Sunday, July 28, 2002


Investigation methods reveal frauds
People lying about workers' compensation injuries often get caught by agents using surveillance

Richard Roesler
Staff writer

OLYMPIA _ The wheelchair-bound man told his doctors he couldn't walk, the result of a crippling job injury.

Investigators proved otherwise, secretly filming the supposed paraplegic as he scampered up ladders and climbed through a window to answer the phone at a house he was putting siding on.

Another man was supposedly housebound by an agonizing back injury suffered on the job. An investigator with a snowmobile-mounted camera shot the man snowmobiling, chopping wood and building
snow forts -- while boasting to his children how he'd fooled the state into paying him every month for his supposed disability.

There are 30 field investigators statewide policing Washington's workers' compensation claims, which pay workers injured on the job, as well as spouses of those killed. Some 163,000 employers pay into the system, which covers nearly 2million workers.

The agents rig up surveillance cameras, pore through court, bank and employment records, and interview doctors and neighbors. They'll creep through underbrush in camouflage with binoculars, or film from parked cars or through the windows of a neighbor's home.

The vast majority of people getting workers' compensation are legitimately suffering and disabled, investigators say. But those faking injuries or secretly continuing to work on the side can cost the system hundreds of thousands of dollars. Last year, L&I uncovered nearly $3.3million in workers' compensation fraud.

"They're stealing from everyone," said fraud adjudicator Lynda Cochran. The agency also uncovered millions of dollars more in underpayments by employers and more than $350,000 in over-billing by vocational and health care providers.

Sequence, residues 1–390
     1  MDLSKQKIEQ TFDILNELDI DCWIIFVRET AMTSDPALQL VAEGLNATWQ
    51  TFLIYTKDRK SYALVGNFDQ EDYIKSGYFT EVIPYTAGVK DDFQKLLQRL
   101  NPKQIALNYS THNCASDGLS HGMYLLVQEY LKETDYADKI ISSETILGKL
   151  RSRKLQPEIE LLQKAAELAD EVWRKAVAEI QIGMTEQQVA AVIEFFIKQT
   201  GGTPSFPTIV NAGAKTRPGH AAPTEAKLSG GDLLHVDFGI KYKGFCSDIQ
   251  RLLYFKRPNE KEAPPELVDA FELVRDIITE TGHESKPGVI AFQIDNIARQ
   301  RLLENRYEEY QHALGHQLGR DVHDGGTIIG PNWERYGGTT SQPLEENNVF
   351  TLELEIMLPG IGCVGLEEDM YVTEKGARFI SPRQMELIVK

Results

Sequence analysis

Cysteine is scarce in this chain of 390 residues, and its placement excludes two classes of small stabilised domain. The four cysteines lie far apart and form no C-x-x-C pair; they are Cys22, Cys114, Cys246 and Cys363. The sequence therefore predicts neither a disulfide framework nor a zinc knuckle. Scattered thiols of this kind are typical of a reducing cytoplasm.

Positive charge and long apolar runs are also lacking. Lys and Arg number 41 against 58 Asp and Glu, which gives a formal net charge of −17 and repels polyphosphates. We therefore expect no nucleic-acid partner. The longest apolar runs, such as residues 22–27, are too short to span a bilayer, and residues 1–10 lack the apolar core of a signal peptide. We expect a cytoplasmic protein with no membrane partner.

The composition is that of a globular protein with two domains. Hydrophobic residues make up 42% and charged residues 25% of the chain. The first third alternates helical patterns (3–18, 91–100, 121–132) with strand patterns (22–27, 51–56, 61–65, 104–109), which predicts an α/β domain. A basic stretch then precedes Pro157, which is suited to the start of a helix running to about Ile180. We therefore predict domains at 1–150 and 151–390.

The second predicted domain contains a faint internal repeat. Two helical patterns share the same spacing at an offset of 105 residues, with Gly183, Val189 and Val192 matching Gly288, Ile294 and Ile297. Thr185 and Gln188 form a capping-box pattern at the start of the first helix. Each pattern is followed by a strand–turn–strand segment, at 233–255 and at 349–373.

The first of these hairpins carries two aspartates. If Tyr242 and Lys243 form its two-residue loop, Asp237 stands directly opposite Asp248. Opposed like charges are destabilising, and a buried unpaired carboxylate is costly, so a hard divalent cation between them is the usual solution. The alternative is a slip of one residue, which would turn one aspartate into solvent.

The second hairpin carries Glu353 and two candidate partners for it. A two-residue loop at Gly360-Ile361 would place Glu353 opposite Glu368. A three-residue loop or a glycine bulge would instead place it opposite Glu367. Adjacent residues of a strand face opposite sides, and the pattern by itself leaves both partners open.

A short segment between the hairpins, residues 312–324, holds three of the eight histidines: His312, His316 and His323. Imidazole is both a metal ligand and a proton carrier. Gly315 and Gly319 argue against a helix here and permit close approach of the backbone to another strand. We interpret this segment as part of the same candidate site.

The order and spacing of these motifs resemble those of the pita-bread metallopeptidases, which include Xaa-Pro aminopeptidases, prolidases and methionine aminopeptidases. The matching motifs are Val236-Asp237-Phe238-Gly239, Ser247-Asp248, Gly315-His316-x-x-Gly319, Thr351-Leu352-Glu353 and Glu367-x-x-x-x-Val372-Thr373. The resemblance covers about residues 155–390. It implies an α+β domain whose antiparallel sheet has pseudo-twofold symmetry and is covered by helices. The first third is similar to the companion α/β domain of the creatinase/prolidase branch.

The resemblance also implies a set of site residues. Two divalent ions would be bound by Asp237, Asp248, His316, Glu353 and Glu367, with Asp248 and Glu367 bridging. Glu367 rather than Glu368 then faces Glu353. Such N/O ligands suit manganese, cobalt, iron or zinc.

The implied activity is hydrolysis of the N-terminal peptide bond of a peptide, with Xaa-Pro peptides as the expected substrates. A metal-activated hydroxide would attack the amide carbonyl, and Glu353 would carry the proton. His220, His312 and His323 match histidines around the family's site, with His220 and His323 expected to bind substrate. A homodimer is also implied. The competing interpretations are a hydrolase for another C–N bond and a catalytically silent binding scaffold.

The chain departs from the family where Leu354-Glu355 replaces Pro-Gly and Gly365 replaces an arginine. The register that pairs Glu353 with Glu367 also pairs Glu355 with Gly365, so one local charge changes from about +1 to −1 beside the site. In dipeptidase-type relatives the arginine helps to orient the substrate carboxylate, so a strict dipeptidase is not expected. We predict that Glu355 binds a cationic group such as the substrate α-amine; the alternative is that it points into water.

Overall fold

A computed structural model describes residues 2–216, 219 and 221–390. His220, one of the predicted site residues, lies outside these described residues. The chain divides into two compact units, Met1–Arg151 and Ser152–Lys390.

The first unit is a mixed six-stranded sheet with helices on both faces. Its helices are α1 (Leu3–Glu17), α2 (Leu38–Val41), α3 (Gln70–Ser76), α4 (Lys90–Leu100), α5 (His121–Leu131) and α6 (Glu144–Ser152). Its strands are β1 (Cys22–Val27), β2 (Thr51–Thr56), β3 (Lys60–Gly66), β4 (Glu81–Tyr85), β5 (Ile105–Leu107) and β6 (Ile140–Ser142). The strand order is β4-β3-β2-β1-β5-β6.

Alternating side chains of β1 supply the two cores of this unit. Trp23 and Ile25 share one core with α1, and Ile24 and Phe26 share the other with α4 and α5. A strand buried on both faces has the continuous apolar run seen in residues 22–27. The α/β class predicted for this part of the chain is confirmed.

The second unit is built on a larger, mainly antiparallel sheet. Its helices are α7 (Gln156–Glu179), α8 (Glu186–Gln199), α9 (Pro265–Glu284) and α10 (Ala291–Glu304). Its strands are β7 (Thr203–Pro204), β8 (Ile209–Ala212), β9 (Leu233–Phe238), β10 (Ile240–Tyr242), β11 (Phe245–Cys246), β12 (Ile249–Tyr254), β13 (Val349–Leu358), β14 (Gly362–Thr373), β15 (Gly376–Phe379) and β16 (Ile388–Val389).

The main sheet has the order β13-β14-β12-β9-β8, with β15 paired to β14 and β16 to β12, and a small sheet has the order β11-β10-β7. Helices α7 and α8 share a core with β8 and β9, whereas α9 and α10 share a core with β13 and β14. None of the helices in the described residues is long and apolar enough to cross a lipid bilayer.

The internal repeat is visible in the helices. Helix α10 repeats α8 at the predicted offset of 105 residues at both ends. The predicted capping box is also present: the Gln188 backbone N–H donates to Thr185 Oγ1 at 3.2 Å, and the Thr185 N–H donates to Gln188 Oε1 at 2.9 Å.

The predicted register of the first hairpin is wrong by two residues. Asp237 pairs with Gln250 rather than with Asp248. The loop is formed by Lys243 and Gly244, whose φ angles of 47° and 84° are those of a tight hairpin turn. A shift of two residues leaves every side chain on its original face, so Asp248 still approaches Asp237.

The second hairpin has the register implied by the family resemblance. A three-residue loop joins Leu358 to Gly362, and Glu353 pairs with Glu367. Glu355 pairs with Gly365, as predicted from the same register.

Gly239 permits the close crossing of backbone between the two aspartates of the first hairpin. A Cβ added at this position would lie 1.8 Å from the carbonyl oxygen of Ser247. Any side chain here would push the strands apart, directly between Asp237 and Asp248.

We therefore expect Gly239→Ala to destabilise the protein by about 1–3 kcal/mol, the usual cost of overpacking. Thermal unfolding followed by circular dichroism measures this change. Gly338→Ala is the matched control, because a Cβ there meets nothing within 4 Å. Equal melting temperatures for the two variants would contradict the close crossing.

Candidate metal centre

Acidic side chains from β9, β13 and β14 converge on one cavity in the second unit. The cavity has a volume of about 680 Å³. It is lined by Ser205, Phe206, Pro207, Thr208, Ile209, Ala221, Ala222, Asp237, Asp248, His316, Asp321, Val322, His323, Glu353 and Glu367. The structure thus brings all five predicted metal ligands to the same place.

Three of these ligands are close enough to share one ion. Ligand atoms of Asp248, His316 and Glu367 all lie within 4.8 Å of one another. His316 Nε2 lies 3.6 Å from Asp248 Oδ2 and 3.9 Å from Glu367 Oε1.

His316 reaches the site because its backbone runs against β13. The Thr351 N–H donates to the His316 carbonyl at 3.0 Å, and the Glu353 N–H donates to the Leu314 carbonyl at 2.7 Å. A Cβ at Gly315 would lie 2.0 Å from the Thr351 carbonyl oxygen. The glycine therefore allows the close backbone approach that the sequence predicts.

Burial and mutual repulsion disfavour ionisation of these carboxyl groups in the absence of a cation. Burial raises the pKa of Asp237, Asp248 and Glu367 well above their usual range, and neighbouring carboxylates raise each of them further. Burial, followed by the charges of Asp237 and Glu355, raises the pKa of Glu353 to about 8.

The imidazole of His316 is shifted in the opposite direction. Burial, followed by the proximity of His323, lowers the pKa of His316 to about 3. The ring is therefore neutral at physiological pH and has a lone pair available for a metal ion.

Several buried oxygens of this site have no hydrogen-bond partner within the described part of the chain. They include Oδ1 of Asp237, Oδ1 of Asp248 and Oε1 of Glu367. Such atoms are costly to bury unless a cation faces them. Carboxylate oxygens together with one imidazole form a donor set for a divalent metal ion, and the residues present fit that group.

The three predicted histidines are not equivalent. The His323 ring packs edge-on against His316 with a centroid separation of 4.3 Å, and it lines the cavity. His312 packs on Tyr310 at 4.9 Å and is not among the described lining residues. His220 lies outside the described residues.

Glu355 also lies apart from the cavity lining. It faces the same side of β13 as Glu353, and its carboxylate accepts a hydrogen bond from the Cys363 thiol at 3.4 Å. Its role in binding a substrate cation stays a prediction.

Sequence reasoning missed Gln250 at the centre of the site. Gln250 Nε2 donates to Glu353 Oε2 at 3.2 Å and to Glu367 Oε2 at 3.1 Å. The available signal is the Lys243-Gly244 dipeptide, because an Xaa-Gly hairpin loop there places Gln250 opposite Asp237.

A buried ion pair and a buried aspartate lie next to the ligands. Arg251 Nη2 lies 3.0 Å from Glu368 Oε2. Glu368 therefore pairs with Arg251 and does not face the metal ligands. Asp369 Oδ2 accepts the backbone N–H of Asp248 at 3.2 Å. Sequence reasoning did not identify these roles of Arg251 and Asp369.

Workers' compensation is intended to cover an injured worker's medical care and partly make up for lost wages while he or she recovers. The payments are usually 60 to 75 percent of a worker's wages. Employees are supposed to go back to work as soon as they're able.

Spokane investigators won't yet talk details, but say they recently won an order for a Spokane man to pay more than $450,000 in restitution and penalties for collecting benefits while secretly working.

"They figure that the world owes them, or it's just flat greed," said Paul Powell, an investigations supervisor in Vancouver.

State workers' compensation benefits are tax-free, and if someone's illegally working on the side as well, they're essentially getting a double income.

"They actually work harder at malingering or to cover up the fact that they're working than they would if they went back to their old job," said Powell.

"Recently, we seem to be getting a rash of these things. I don't know whether it has to do with the decline in the economy or what," said Joe Kimball, investigations supervisor at the Spokane office, which routinely sends its agents to Colville, Clarkston and into North Idaho.

He said the office is currently working 16 fraud cases, as well as doing 43 routine checks on claimants. In the past five months, the Spokane office alone has won restitution orders for $632,665.

"What we do benefits the taxpayers, keeps employers' rates down, and improves the quality of care for injured workers," said Lee Benford, chief of investigations at L&I's headquarters in Tumwater. "In many jobs, you don't see your end product. In this one, you do."